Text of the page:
Ravinder Kaur

The government’s hopes of turning India into the world’s workshop for global corporations are being strongly resisted

The scene is almost festive. Kanwar Grewal, a popular Punjabi singer, is on the stage performing in front of a spellbound audience. The show is routine for someone like him, but the setting is unusual. The makeshift stage is a table, a set of borrowed speakers and a microphone, all hurriedly assembled on a roadside kerb. He performs without special stage effects or background music; the song is a resounding call to protect the rights of farmers and protest against the new farm laws – a genre different from his familiar oeuvre of Sufi songs.

This scene is neither exceptional nor limited to one artist. It has become commonplace in the past months, especially in the Indian states of Punjab and Haryana, as massive protests mount against the deregulation of the agricultural sector. The vast assembly of protesters during a relentless pandemic might seem reckless. But it is more a sign of desperation that thousands of famers and workers have camped for weeks at the borders of Delhi during a harsh winter and the risk of contagion. They show no sign of turning back.

The determination of protesters has put India’s ruling party in a tight spot. It was clearly not expecting a nationwide strike during the pandemic. The “world’s strictest lockdown” and the public fear of contagion have been readily leveraged to limit democratic expression of dissent. With various restrictions in place, the Modi government has viewed the pandemic as a rare opportunity to muscle through a number of “tough” market reforms. The guiding principle has been that the crisis is a “time for bold decisions and bold investment … to prepare a globally competitive domestic supply chain”.

The rationale is that the pandemic offers a moment in which global investments could potentially be diverted from China to India. The contagion was not just a public health disaster but also a reminder that China, as the “factory of the world”, dominates global manufacturing and thereby critical supply chains. As the backlash against China has grown, so has the possibility of re-channelling manufacturing to other nations. As the US has spoken of the prospect of decoupling from China, a new vacancy as the world’s “next factory” seems to have opened up, a vacancy India is eager to fill.

This crisis-as-opportunity approach is accelerating the speed of market reforms that big capital has long demanded. First there was the highly publicised Make in India programme. Earlier this year, it was repackaged as the Atmanirbhar Bharat (self-reliant India): a competitive and resilient manufacturing hub in the global economy. Its most recent iteration is One Nation, One Market, which envisages India as a consolidated economic unit governed by a strong centralised state – a step that undermines India’s federal state structure. Articulated in the language of empowerment and progress, it positions the Indian nation as a single market, with economic resources and activity under the auspices of the state.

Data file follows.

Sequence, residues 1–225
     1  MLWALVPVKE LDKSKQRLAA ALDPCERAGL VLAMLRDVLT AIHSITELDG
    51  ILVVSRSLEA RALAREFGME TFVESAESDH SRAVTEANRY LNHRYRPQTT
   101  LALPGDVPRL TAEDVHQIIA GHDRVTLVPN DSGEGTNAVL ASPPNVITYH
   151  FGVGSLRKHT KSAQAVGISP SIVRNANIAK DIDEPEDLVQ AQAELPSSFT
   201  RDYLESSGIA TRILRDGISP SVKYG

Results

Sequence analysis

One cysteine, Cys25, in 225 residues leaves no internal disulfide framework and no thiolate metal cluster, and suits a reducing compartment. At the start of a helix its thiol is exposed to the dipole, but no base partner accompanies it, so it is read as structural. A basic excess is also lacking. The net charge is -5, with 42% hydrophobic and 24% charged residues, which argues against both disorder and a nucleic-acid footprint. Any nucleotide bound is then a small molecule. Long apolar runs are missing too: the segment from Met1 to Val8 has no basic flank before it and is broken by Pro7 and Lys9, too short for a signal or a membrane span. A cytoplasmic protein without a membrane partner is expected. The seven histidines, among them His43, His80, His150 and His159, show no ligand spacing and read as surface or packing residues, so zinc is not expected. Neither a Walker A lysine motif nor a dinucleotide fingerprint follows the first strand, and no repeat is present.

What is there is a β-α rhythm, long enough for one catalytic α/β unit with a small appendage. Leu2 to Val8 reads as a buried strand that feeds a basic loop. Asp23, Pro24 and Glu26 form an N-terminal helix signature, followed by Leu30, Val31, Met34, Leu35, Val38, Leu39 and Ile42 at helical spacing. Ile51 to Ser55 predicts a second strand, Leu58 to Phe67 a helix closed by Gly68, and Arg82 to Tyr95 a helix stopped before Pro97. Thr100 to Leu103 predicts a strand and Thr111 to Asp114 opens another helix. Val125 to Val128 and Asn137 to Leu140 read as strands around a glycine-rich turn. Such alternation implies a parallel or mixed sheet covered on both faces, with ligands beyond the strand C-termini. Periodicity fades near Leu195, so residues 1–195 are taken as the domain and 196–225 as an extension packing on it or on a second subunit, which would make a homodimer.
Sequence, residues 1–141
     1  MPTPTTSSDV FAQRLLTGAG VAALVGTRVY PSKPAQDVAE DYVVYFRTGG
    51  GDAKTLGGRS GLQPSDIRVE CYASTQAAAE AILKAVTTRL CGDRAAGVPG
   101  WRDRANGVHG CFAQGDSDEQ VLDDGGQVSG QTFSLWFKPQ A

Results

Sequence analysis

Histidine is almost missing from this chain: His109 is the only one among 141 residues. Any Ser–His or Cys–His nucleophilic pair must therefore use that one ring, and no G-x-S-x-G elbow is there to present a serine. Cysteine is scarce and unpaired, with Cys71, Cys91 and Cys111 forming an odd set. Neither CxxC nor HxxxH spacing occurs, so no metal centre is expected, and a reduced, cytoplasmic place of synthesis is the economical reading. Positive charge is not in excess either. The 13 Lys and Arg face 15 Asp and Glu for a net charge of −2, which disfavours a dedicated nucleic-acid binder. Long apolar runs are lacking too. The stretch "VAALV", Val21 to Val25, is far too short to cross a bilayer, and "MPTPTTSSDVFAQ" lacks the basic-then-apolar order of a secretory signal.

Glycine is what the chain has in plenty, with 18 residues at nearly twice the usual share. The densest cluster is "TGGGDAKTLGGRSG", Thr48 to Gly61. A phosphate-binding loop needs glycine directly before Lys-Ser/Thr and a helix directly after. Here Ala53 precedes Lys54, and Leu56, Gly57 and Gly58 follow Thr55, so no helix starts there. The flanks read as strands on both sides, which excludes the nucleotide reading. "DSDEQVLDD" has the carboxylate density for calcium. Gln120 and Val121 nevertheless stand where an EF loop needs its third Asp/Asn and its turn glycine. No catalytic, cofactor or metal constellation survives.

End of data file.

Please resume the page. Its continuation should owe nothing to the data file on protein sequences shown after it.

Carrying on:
This vision requires India to be made market-ready, a site of production in which all national territory and inhabitants are available as factors of production. Seen from this vantage point, the new market reforms are the logical steps designed to upgrade India’s global ranking on the “ease of business” index. Hence the new farm laws – on pricing, sale of agricultural produce, and storage – which remove safeguards that have protected the agricultural sector from the vagaries of the free market.

The laws seek to dismantle the complex mandi system (local market) – the state-regulated marketplaces comprising farmers, workers and intermediaries from the local economy. Though not perfect, the system affords freedoms to the small-scale and local in a way that a corporate-mediated single market would not. While the government promises to double farmers’ income by opening the agrarian economy to private investors, small and marginal farmers, who make up 85% of the farm sector, fear they will lose out.In a barrier-free agricultural market, they will have little bargaining power and resources to deal with big corporate players.

Equally critical are the labour reforms that have further weakened the rights of the workers both in the formal and informal sectors. Workers can now not only be hired and fired more easily, their right to go on strike is also restricted. These market-friendly laws were pushed through just after the national lockdown, which was enforced at four hours notice – a move that had left migrant workers stranded, often without wages, and forced to walk hundred of miles back home. The lockdown revealed the acute vulnerability of the migrant workers and daily wage-labourers who comprise about 90% of India’s workforce. The labour reforms have reduced the bargaining power of this vulnerable group, as manufacturers redefine business models with longer work hours.

The Modi government rushed these laws through without heed to the opposition, which is outnumbered in parliament. And this is where the farmers’ protest assumes significance.

On 8 December, more than 450 farmers’ and workers’ unions called for a nationwide one-day strike to push for a repeal of the new laws. The protests themselves continue to grow across class and caste, city and countryside. This is the most major mass resistance that the Modi government has faced, and the protesters are prepared for a long haul. As one farmer said: “We are fully prepared to stay here for six months and can stay longer if we are not heard and our demands are not met.”

Ravinder Kaur is the author of Brand New Nation: Capitalist Dreams and Nationalist Designs in Twenty-First-Century India.

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